As U.S. House Republicans move toward a repeal vote on health care reform, Democrats are launching a vigorous effort to defend the bill — an effort that seems a lot more coherent than anything they were able to muster while the bill was before Congress, or while Democratic Congressmen were before voters last November.
Today, the Department of Health and Human Services is offering a state-by-state analysis of what health care repeal would mean. And HHS Secretary Kathleen Sebelius and Gov. Chris Gregoire have scheduled a joint conference call to discuss how many state residents are benefitting from the reforms.
Here’s a link to HHS statistics for Washington state.
At the same time, there is evidence that health care reform is getting some grudging support in unexpected quarters. A recent AP poll showed that while opposition to it remains strong, that opposition is waning and even opponents see things they like in the complex legislation.
The AP report on poll results includes this: “Among Republicans support for repeal has dropped sharply, from 61 percent after the elections to 49 percent now.”
That’s striking. One can speculate that many conservative Republicans may be realizing that the reform bill contains benefits for them. Millions of Americans have pre-existing medical conditions that are costly to treat, and the health care reform law eventually will make it easier for them to get affordable coverage. You don’t have to be a liberal to find that prospect attractive. The Los Angeles Times has a report.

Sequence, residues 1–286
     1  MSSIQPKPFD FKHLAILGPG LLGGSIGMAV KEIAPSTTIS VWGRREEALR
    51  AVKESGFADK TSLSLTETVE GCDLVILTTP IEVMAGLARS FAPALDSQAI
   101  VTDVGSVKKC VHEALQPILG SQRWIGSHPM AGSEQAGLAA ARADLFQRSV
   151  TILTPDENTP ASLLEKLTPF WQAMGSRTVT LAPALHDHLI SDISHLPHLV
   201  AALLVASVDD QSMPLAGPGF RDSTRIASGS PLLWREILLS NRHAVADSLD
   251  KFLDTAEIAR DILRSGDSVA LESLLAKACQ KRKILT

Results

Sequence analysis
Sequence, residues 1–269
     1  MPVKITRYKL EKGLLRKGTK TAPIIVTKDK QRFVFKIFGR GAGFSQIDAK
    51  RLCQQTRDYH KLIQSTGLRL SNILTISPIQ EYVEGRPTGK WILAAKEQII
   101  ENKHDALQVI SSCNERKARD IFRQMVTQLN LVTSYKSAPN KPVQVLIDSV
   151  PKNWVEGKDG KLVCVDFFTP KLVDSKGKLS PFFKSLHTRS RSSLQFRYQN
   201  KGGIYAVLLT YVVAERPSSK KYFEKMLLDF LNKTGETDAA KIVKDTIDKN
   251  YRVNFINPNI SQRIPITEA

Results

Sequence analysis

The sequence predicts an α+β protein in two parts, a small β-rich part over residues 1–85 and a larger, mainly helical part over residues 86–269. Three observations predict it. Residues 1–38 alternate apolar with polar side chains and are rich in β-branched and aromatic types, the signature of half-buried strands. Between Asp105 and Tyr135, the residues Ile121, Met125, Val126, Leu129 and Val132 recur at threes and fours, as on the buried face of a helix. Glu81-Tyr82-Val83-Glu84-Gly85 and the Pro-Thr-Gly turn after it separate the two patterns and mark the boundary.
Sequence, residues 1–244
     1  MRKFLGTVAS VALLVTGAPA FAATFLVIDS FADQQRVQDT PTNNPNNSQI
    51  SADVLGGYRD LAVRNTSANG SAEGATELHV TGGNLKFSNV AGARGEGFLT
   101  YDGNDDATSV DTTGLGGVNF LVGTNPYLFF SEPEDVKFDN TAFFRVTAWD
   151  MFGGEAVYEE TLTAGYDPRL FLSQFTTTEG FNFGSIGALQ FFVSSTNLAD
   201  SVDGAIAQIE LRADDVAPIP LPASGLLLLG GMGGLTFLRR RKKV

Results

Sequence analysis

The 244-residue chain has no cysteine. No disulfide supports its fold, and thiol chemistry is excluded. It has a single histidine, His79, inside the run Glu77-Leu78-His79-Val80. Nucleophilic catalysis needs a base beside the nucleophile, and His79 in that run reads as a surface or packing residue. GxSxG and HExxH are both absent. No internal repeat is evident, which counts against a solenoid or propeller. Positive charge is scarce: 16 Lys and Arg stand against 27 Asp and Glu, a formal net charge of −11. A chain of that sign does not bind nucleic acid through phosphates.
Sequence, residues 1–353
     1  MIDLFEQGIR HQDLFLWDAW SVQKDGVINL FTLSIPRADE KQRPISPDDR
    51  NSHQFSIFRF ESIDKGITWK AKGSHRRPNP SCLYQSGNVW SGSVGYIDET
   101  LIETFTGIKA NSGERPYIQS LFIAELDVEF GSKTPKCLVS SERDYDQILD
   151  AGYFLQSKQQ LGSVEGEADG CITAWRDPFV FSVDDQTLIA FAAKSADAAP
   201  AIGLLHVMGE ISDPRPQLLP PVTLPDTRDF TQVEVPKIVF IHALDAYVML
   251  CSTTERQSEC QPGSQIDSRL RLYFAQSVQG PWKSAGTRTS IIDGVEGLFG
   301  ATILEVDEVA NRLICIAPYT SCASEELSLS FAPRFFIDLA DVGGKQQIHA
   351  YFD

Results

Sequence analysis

Another sign that politicians on both sides of the aisle are taking a more nuanced approach: Via Huffington Post, physician and former GOP Senator Bill Frist says his party should get beyond the repeal effort and focus on using the existing law as a platform to build a better health care system for everyone.
In red state Oklahoma, a poll in the Tulsa World indicates that many Sooners feel as conflicted on this issue as a Ron Paul supporter cashing a Social Security check. Two-thirds favored Oklahoma taking legal efforts to block the health-care reform, but only 37 percent said the entire law should be repealed. And, even among those who said the entire law should be repealed, about two-thirds then identified at least one element of it they thought should be retained.